Health effects of air pollution exposure on children and adolescents in São Paulo, Brazil

Health effects of air pollution exposure on children and adolescents in São Paulo, Brazil

Autor Braga, ALF Google Scholar
Saldiva, PHN Google Scholar
Pereira, LAA Google Scholar
Menezes, JJC Google Scholar
Conceicao, GMS Google Scholar
Lin, C. A. Google Scholar
Zanobetti, A. Google Scholar
Schwartz, J. Google Scholar
Dockery, D. W. Google Scholar
Instituição Harvard Univ
Universidade Federal de São Paulo (UNIFESP)
Univ Santo Amaro
Resumo Children and adolescents have been considered more susceptible to the effects of air pollution than adults. in order to investigate the responses of children of different ages to air pollution exposure, daily records or hospital admissions for children in five age groups (equal or less than 2 years of age, 3-5, 6-13, 14-19, and all ages together, i.e., from 0-19 years of age) were obtained from January 1993 to November 1997 in São Paulo, Brazil, and were compared to daily records of PM10, O-3, SO2, CO and NO2 concentrations in ambient air. for each age group a generalized additive Poisson regression was fitted controlling for smooth functions of time, temperature, humidity, and days of the week, with an additional indicator for holidays. Polynomial distributed lag models were used to estimate the 7-day cumulative effect of each pollutant.Children 2 years or less were the most susceptible to the effects of all five pollutants with an increase of 9.4% (95% CI: 7.9,10.9) in respiratory admissions associated with each interquartile range increase in PM10. the oldest group was the second most susceptible to air pollutants, with each interquartile range increase in PM10 associated with a 5.1% (95% CI: 0.3,9.8) increase in respiratory admissions. An interquartile range increase in CO was associated with an 11.3% (95% CI: 5.9,16.8) increase in respiratory hospitalizations. When a multipollutant model was used, the effect of PM10 on respiratory admissions for all ages together was unchanged, while the SOP and the other pollutants effect was substantially reduced.This study showed that daily respiratory hospital admissions for children and adolescents in São Paulo increased with air pollution, and that the largest effects were found for the youngest (2 years or less) and oldest (14-19 years) age groups. Pediatr Pulmonol. 2001; 31:106-113. (C) 2001 Wiley-Liss, Inc.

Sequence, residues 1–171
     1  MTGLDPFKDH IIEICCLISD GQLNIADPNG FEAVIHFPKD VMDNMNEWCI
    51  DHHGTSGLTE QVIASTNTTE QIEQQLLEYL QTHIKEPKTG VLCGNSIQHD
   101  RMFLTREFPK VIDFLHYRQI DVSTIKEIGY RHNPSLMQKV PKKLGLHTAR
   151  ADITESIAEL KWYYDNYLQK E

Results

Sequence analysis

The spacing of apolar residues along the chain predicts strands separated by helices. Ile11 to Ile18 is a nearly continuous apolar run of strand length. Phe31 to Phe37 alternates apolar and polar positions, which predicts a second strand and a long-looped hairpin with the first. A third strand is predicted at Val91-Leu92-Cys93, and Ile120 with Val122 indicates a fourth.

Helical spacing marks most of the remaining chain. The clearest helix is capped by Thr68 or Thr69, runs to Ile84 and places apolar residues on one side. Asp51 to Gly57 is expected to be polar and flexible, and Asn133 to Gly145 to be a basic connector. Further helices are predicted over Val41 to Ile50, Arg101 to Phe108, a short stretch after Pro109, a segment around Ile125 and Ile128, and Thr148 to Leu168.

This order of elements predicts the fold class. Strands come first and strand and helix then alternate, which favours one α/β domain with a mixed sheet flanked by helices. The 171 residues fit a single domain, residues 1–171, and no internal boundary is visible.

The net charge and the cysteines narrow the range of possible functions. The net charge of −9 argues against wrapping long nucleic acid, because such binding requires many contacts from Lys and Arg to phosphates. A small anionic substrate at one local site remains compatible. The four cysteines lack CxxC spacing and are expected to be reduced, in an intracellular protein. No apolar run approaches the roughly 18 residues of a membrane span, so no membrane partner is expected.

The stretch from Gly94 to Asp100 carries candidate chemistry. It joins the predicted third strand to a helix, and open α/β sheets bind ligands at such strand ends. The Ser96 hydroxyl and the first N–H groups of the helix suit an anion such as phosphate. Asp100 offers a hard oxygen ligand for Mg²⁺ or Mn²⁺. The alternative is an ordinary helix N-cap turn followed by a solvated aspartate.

Assunto air pollution
respiratory diseases
hospital admissions
health effects
Idioma Inglês
Data 2001-02-01
Publicado em Pediatric Pulmonology. New York: Wiley-liss, v. 31, n. 2, p. 106-113, 2001.
ISSN 8755-6863 (Sherpa/Romeo, fator de impacto)
Editor Wiley-Blackwell
Extensão 106-113
Direito de acesso Acesso restrito
Tipo Artigo
Web of Science WOS:000166746400002

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